Musical theater may not be your thing. That’s fine — between Disney adaptations and stuffy old song-and-dance numbers, Broadway has seemed largely out of touch with the modern world for quite some time. But that’s starting to change, and in a major way, thanks to Lin-Manuel Miranda. He’s a 35-year-old Washington Heights native, and a recent recipient of the MacArthur fellowship. He’s also the composer, writer and star of Hamilton, the biggest hit on Broadway today.
[Update, 2/16/16: ‘Hamilton’ has won a Grammy Award for Best Musical Theater Album.]
[Update, 4/19/16: ‘Hamilton’ has been awarded the Pulitzer prize for drama.]
[Update, 5/3/16: ‘Hamilton’ has garnered a record 16 nominations at the annual Tony Awards.]
There’s a reason everyone from Madonna to President Obama have made time in their busy schedules to see this exciting new musical. It’s a biographical rendering of the life of founding father and U.S. treasury secretary Alexander Hamilton, set primarily to rap and hip hop music. While that may sound a little surprising, Miranda explains that Hamilton “is a story about America then, told by America now.” And it’s more than just telling the story. Here are a few ways it’s changing the face of Broadway for the better.
It has a revolutionary cast
Chances are when you hear the words “Founding Fathers,” you picture a bunch of white guys in wigs. That’s because, without question, that’s exactly who they were. But Hamilton imagines a world in which the people that came together to found our nation as we know it looked much more like our nation does today. Miranda, a Puerto Rican American, plays the titular character; his friend and eventual adversary, Aaron Burr, is played by African American Leslie Odom Jr. In fact, across the board, the cast is made up of minority performers — and it’s not uncommon to see a woman playing a Revolutionary soldier.
These casting choices are obviously intentional, but they’re far from gimmicky. They speak to one of the musical’s greater themes — that our nation was founded on and fought for by people who, like many minorities today, felt they had little power under their government. And for all the press that Hamilton has received for its diverse casting, each and every person delivers an incredible performance that should serve to silence anyone that may struggle to stretch their imagination.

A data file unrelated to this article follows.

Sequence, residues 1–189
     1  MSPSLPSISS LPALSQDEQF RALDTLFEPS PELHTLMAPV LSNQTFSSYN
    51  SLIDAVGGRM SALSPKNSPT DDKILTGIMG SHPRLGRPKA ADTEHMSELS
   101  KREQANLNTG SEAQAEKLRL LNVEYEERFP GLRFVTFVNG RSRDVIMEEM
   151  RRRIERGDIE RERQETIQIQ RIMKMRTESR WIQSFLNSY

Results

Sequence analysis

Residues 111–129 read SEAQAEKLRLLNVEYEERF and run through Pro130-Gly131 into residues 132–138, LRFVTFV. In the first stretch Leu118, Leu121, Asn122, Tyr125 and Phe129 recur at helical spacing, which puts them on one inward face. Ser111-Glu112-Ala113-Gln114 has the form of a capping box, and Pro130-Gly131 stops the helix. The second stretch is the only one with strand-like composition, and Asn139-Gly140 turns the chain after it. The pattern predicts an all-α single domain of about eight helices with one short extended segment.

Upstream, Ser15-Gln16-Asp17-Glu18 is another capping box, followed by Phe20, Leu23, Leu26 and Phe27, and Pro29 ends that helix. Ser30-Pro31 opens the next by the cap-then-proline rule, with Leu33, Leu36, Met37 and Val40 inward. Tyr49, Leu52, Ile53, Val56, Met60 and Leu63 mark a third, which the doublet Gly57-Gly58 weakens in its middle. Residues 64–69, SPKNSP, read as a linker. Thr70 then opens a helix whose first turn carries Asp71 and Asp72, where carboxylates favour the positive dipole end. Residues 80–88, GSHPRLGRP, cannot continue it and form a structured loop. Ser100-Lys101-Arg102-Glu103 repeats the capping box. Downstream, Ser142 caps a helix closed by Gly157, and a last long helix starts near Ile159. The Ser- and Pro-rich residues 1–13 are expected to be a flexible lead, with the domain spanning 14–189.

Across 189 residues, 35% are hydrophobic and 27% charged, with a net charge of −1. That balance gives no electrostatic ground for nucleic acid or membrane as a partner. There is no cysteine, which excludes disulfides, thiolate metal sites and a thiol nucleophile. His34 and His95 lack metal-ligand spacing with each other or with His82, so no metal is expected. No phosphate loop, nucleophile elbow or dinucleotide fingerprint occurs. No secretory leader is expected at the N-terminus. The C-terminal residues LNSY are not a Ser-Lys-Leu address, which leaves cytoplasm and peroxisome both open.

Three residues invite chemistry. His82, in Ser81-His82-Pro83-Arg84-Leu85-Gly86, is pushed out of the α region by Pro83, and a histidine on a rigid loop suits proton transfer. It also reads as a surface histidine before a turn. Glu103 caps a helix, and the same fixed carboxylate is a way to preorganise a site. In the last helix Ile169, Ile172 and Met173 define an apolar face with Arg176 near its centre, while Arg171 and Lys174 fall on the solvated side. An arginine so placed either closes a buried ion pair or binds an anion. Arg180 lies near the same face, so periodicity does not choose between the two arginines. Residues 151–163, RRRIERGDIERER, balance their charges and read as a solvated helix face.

It has a groundbreaking soundtrack
It wouldn’t really matter what the show looked and sounded like if the story within the music wasn’t good. But Lin-Manuel Miranda outdid himself with the show’s book and lyrics, crafting song after unforgettable song about Hamilton, his friends, their struggles, and their victories. His ability to turn a phrase and string thoughts together at a rapid pace help to solidify Hamilton‘s status as one of the smartest Broadway plays ever produced.
And because Hamilton isn’t your average musical, Miranda made sure it didn’t have an average cast recording, either. He enlisted The Roots’ Questlove and Black Thought to produce the recording and help retain the show’s grittier, hip-hop flavor. The results are well worth a listen, as it’s as well-produced and catchy as anything you’ll hear on the radio today. Since its release on September 25, the 46-track album has broken Broadway album sales records, found a place on the Billboard rap album chart, and earned universal praise from fans and critics. And its crossover appeal has only helped raise the show’s profile and send yet another signal that it’s cool to listen to showtunes. At least, these showtunes.
It makes history cool
When you add all of its various parts together, Hamilton is a great reminder that history, like Broadway, deserves a closer look. If you’ve taken a high school history class, you probably know the general story of the American Revolution. But this show lets us take an intimate look inside the lives and minds of the people that made it happen. It moves with a nonstop momentum that makes you feel like their movement wasn’t something that happened once — that it’s actually happening right in front of you, right now.
Hamilton also transcends the political boundaries that have built up over time. Both former Vice President Dick Cheney and Hillary Clinton have seen and praised the show. And it’s been recommended by more than one critic that every presidential candidate should take the time to see it, too. That’s a reasonable request — by adding a little hipness to history, it serves as a reminder of where we came from that’s almost impossible to ignore.
But even if the newest crop of presidential hopefuls never stop by, Hamilton won’t have any trouble filling seats. It’s been playing to sold-out crowds since it opened, proving that a musical this revolutionary has the ability to reach past the traditional crowd and get a new generation of people excited about going to the theater.